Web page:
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My name is Pete, Pete-the-Intern. Last summer, I was able to intern at Content Pilot, where I learned about the legal marketing field and honed my coffee-run skills. Almost a year later, I have graduated from college and committed to attend law school at the University of Texas! Before I head off to official law school and put my intern days behind me, I am excited to announce that I will be taking both my talents and copious amounts of spare time to attend the Yada Yada Law School.
Yada Yada Law School is a 10-week lecture series from law professors across the country and it aims to use Seinfeld, the 90’s sitcom, to somehow teach students about the law. Seinfeld stopped airing before I was even born and has also not yet been available on Netflix, so honestly, I knew Seinfeld as the lame TV show that fought for the 3:00 a.m. air time against Full House and The Fresh Prince of Bel-Air. Further, like most college graduates with a pre-law degree, I know just about nothing when it comes to the law in any practical sense. These things in mind, when I first saw a law.com article on the series, I was intrigued. I would be able to learn about two things that I knew nothing about, plus it’s a chance to do something productive for the first time in two months… It was a no brainer!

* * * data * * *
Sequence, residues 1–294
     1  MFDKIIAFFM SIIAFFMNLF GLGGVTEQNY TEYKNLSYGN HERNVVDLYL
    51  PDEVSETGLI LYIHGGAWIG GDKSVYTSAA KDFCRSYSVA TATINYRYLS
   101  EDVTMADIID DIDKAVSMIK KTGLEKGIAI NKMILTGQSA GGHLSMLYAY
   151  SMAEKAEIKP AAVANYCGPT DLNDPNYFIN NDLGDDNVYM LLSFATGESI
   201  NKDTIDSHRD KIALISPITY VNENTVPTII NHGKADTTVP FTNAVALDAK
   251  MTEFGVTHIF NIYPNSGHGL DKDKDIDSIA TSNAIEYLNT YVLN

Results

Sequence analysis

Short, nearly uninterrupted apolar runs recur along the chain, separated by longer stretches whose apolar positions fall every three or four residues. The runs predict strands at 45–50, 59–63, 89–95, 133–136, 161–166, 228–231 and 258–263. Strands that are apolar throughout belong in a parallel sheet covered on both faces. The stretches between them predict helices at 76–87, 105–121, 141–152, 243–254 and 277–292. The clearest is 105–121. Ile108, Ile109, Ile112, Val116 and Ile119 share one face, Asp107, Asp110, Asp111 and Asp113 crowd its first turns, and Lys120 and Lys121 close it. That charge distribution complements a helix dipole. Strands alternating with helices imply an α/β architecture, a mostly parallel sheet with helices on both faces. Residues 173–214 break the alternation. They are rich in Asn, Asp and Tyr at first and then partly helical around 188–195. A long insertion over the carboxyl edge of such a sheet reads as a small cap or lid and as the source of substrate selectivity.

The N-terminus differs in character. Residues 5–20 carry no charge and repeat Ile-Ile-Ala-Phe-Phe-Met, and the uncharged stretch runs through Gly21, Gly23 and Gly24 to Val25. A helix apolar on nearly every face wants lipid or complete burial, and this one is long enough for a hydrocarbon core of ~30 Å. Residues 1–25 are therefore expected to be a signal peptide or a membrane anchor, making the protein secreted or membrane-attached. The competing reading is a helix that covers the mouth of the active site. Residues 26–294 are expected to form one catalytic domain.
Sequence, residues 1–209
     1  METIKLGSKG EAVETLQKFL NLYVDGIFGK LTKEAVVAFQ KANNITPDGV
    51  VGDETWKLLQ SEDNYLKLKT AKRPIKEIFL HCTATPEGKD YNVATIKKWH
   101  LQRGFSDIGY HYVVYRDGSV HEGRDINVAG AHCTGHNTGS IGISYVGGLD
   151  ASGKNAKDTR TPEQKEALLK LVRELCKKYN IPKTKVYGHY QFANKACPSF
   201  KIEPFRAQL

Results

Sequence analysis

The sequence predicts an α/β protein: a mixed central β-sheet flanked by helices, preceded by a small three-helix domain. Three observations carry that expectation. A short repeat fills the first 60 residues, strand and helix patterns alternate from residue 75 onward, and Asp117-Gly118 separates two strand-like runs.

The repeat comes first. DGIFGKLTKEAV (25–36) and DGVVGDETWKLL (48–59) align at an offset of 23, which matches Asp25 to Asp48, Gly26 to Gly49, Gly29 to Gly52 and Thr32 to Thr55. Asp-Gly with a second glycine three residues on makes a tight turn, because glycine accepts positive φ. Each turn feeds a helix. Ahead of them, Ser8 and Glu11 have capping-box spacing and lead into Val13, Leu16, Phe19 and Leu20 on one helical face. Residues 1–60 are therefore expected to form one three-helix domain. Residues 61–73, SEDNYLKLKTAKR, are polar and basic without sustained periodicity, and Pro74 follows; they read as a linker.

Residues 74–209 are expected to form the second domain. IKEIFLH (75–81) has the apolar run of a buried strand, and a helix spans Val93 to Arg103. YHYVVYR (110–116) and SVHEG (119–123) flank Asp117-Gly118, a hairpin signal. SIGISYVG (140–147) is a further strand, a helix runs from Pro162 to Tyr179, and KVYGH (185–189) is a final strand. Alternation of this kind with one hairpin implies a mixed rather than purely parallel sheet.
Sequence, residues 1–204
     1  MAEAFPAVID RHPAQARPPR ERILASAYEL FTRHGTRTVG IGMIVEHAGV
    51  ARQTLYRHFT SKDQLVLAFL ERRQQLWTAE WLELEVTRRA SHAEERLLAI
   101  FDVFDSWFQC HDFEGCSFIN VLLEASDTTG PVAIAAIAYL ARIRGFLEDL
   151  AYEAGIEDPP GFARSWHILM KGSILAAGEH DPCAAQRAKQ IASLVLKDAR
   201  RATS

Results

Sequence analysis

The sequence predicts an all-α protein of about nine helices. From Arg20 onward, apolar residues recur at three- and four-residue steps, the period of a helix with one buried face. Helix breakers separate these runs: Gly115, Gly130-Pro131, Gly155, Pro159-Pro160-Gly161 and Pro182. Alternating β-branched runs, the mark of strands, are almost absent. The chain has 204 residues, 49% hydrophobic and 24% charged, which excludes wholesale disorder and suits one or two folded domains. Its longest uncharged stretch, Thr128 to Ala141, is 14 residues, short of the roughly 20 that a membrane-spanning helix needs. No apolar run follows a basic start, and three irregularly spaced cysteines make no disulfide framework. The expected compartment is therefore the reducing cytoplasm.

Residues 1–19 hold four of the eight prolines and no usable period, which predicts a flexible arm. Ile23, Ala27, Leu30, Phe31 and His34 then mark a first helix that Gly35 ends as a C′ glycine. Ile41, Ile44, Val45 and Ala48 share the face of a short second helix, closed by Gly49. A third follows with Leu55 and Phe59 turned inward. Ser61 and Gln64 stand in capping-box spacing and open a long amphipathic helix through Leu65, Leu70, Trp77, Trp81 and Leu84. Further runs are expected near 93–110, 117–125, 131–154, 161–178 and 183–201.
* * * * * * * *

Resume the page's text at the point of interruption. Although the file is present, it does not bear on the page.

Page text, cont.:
In its opening week, students of Yada Yada Law School were incredibly fortunate to hear from Professor Sara C. Bronin, a Yale Law School graduate and now Professor at UConn law on the topic of Property Law. In this blog, I will highlight a few of Professor Bronin’s main points on Property Law and what it has to do with Jerry Seinfeld.
#1 Property law is fundamental
In its opening week, students of Yada Yada Law School were incredibly fortunate to hear from Professor Sara C. Bronin, a Yale Law School graduate and now Professor at UConn law on the topic of Property Law. In this blog, I will highlight a few of Professor Bronin’s main points on Property Law and what it has to do with Jerry Seinfeld. This portion of the lecture really opened my eyes to how vast the topic of property law truly is. Initially, I thought that disputes in property law are for the most part limited to issues regarding the use and ownership of land. However, as Professor Bronin explained, the range of topics is much wider, dealing with issues such as possessing ownership of a quarter you find on the street, getting a divorce, donating organs, using your cell phone at work, or even fighting over the remote — all somehow deal with establishing ownership of property.
#2 Ideas can be owned
In this section, Professor Bronin went over the different forms of ownership, giving special attention to the current definition of legal Possession.
Fun Fact: Of the five major verifications of ownership, “Discovery” is a theory of ownership that came about when European colonists landed in North America and “discovered” land, allowing them legal ownership. Today, the Discovery theory is used in providing patents for new inventions.